There were all kinds of laws in England from the 1300's on preventing the carrying of weapons.
Laws that were eventually relaxed.
In 1541, under the second Tudor king, Henry VIII,
Parliament enacted a stature to stop
roberies felonyes ryotts and routs.”
33 Hen. 8, c. 6, § 1(1541–1542) (Eng.). The statute limited gun ownership to the wealthy—those who “have lands tents rents fees annuityes or Offices, to the yearley value of one hundred Pounds.”
This doesn't mean that commoners of the day had no contact with weapons. Commoners were required to be armed when they served on militia duty and various town security patrols. They were also expected to engage in weekly target practice. The government of the day just wanted to keep control over these weapons when the commoners were not practicing or "on duty".
These restrictions were loosened in later centuries as the right to keep and bear arms was created in the English Bill of Rights.
Interesting article. They overstate their case though.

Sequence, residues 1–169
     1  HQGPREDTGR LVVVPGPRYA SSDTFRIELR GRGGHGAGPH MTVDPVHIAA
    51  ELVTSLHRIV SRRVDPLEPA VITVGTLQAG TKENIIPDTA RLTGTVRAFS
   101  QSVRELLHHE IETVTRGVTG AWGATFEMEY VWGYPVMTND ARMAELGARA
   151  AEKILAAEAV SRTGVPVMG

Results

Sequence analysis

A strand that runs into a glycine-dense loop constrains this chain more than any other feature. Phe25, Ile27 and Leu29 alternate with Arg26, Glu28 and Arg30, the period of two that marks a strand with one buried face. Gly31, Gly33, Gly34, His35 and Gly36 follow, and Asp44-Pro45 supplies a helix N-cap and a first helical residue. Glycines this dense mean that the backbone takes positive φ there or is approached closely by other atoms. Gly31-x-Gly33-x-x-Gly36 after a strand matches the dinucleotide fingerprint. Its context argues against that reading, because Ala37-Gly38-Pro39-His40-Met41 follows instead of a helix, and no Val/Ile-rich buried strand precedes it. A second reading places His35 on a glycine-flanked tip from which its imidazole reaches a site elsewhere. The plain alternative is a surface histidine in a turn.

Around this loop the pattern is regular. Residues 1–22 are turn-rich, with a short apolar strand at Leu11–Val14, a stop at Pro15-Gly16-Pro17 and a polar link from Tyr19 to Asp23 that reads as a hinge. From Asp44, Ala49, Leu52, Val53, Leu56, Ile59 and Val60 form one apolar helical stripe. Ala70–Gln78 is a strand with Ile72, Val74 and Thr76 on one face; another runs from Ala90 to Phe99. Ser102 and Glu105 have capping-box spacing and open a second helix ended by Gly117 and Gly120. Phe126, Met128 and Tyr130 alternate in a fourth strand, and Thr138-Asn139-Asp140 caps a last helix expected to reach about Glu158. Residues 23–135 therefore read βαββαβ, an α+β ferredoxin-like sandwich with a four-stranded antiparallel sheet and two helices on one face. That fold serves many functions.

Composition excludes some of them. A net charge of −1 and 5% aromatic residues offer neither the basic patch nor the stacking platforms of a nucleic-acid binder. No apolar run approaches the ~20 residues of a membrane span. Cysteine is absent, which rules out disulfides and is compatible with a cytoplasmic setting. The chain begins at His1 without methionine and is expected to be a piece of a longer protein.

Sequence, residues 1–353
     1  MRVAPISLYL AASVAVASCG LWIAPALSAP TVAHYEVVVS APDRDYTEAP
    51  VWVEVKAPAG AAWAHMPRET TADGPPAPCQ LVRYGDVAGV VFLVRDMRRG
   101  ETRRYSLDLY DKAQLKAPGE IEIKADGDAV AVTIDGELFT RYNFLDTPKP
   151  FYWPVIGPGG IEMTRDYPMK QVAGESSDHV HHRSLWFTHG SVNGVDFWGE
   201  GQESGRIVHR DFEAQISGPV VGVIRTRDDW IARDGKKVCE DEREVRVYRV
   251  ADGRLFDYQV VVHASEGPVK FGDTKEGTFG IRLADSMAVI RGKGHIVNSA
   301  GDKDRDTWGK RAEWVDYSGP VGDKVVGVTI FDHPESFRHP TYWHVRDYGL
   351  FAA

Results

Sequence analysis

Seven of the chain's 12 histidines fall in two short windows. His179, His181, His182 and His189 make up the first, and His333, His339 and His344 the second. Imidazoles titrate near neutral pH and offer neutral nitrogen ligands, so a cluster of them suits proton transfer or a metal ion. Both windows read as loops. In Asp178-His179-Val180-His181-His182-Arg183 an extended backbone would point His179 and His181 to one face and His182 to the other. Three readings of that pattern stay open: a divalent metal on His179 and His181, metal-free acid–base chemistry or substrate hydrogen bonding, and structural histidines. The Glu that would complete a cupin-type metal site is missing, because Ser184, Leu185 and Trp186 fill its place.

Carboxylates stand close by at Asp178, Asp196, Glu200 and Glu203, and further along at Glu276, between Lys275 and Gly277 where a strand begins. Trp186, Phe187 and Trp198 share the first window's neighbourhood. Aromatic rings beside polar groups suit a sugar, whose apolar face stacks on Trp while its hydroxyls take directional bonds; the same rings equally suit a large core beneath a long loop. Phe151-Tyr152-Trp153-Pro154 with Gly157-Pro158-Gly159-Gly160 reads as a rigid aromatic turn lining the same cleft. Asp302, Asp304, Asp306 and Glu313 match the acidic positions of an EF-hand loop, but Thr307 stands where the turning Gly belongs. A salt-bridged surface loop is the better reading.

"What remains unclear is whether these prohibitions were only enforced during times of suspected affray, thus preventing the people from being armed for only short periods of time, or whether the power to prohibit going armed was inherent with the local constable or sheriff’s authority, and the proclamations served as reminders of the status quo. The evidence available at the turn of the fourteenth century does not provide a clear affirmation, but there is nothing in the historical record to suggest that the local authorities were prohibited from disarming individuals among the public concourse to ensure the public safety.
Lack of evidence that they are wrong is far from evidence that they are right.
Also, when the article covers the case of Sir John Knight, it completely overlooks the fact that the court recognized that "gentlemen" were allowed to go about armed for their own protection, which is the reason why people cite this case in support of gun rights.
"Gentlemen" obviously is a reference to a certain social class, so it did not include everyone in society. But it included a lot more than just the nobility. Apparently the term included anyone who had the right to have their own family coat of arms.
The article did not address Rex v Dewhurst at all, as far as I could see, although perhaps I missed it.
You gun nuts
Name-calling only demeans your own position.
sure like to pull quotes out of context and try to use them to support your opinion even if they don't support it.
Can you show any instances of me
pulling a quote out of context?
Rex v Gardner found that a gun wasn't an engine of destruction and wasn't covered under the game law. (the word "gun" being omitted in the act.)
Was it your intent to agree with me here?